Australians love to say that they are the only people on Earth who eat the national symbols on their coat of arms.

But is it true? Sadly, no.

The coats of arms of Andorra, Indonesia, Moldova and Iceland feature cattle on them – an ingredient that you will (reputedly) find in any neighbourhood McDonalds.

Horses feature on the coats of arms and menus, I’ll wager, of Burkino Faso, Mongolia, and Lesotho.

Antiguans or Chileans, we’re sure, would not turn their noses up at some venison, nor would any hungry Bahaman refuse a nice marlin steak. Likewise the fish on the Barbados coat of arms appears to have undergone some kind of radical Piscean form of botox injection, but I’m sure one would still go down rather well in a nice beer-batter. Like most of us, Solomon Islanders eat sharks, their national symbol, and a common ingredient in many fish and chip shops around the world.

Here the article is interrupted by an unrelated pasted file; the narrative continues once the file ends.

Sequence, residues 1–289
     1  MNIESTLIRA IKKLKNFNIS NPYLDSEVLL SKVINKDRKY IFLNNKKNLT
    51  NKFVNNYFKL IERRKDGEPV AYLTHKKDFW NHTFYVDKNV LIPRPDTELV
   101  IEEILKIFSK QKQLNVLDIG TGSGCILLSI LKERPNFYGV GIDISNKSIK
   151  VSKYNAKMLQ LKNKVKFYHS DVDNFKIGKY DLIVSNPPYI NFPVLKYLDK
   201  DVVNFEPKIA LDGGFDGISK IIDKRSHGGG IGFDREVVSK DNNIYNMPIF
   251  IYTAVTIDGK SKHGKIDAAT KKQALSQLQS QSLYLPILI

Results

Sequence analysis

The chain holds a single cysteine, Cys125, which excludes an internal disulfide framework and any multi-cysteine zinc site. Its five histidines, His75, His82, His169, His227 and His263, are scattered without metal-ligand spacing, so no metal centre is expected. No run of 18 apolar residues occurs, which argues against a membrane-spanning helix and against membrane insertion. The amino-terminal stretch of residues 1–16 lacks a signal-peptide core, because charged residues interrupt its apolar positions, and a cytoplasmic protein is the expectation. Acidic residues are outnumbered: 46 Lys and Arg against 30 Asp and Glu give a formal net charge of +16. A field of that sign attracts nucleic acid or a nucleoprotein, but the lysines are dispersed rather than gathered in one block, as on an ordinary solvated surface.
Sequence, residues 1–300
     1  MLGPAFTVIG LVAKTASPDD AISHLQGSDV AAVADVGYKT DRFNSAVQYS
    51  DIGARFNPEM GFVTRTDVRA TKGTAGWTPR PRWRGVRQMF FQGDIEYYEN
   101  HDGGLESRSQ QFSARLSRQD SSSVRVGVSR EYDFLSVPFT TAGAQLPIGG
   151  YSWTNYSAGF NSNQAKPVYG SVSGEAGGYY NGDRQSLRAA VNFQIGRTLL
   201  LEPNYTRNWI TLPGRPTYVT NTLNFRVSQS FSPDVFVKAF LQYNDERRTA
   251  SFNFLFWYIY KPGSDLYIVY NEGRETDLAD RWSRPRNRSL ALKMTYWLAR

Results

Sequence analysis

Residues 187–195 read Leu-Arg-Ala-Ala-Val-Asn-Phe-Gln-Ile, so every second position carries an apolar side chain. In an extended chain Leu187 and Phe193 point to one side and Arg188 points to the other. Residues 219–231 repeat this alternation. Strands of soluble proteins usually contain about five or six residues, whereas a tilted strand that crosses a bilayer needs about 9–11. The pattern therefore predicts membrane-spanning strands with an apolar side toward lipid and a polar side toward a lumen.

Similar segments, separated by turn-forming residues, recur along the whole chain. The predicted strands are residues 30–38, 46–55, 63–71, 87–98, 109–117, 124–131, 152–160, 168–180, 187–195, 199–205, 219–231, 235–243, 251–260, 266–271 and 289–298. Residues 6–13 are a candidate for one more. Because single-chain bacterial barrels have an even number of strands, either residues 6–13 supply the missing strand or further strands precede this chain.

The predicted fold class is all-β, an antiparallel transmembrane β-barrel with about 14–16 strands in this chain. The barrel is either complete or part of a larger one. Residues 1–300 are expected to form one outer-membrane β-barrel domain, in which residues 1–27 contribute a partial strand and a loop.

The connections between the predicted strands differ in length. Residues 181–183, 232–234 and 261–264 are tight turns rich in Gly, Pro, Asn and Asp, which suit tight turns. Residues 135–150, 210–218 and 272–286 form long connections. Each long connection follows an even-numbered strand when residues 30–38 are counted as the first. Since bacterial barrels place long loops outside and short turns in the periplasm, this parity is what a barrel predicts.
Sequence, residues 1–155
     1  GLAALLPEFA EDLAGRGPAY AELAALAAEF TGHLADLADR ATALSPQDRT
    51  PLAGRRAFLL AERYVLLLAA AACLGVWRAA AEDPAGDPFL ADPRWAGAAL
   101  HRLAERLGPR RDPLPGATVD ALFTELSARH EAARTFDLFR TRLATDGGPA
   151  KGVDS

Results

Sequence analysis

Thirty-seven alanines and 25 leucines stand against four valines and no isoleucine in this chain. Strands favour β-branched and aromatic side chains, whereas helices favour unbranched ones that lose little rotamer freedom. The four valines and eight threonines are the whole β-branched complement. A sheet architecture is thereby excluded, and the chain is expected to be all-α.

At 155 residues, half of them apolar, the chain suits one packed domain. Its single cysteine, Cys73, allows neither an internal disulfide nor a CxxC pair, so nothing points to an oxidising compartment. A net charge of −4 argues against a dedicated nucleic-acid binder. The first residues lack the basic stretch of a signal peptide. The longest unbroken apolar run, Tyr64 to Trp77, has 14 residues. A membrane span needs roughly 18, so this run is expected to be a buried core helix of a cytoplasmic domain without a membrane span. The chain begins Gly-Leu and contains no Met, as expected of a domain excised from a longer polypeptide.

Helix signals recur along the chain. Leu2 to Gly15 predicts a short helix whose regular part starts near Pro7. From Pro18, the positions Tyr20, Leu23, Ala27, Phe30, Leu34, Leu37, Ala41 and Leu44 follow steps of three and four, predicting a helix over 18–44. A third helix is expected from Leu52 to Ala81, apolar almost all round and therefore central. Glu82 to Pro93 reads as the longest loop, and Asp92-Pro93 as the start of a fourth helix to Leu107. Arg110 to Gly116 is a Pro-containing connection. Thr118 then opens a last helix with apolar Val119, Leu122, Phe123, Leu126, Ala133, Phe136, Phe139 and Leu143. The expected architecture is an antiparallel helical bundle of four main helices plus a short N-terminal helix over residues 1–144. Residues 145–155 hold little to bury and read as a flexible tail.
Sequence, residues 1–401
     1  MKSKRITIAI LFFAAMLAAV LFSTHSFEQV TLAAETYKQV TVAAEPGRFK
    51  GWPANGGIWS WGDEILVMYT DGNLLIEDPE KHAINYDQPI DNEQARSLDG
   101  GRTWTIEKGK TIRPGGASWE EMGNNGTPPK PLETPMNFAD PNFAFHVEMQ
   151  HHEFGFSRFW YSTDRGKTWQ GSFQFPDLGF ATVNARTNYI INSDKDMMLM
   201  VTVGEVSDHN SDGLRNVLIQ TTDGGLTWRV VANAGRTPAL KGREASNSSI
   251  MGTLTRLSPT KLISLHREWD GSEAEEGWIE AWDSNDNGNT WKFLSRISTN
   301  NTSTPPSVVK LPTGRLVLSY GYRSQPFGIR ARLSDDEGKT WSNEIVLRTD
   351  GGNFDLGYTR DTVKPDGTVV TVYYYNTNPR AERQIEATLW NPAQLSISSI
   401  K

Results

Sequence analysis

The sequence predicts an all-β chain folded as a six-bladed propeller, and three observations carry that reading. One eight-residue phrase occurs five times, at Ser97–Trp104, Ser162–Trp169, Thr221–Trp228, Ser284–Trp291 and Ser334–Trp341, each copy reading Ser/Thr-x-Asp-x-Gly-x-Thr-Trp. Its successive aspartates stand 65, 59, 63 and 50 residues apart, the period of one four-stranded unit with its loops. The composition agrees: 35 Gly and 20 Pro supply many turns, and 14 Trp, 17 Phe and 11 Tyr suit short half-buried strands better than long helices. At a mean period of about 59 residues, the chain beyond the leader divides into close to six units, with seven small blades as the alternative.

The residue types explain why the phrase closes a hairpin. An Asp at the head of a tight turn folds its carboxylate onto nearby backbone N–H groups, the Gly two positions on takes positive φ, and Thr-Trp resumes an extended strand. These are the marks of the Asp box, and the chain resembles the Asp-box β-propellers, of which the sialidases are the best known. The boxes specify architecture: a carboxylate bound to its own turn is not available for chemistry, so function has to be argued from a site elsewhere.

The tribesmen of Botswana reportedly still eat their national symbol, the zebra.  On the Ivory Coast, elephants are still killed and eaten for their meat; camels have more than one reason to be nervous in Eritrea; polar bears are on the menu in Greenland – yes really. Armadillos are a traditional dish in Grenada. Namibians and residents of Niger still like their antelope, if they can catch them; Peruvians love their llamas – fried, crumbed, on bread with tomato sauce – you name it. 

Thankfully, New Zealand probably does not qualify. While their coat of arms features two people to symbolize the meeting of cultures, it is now too many years since anyone can recall the Maori practice of eating those who were defeated in battle.

But sadly, it turns out the claim that Australians are the only people in the world to eat their national symbols is not quite correct – times about 20. It appears we may have underestimated the presence of people in other countries and their need to eat.

Why do we allow this falsehood to flourish? My guess is because it sounds like a good yarn. It‘s something we love to tell foreigners because it implies a kind of Crocodile Dundee frontierism that we would like others to believe about us. It makes us feel good to say it, so there is no motivation to spoil it by checking it for the truth.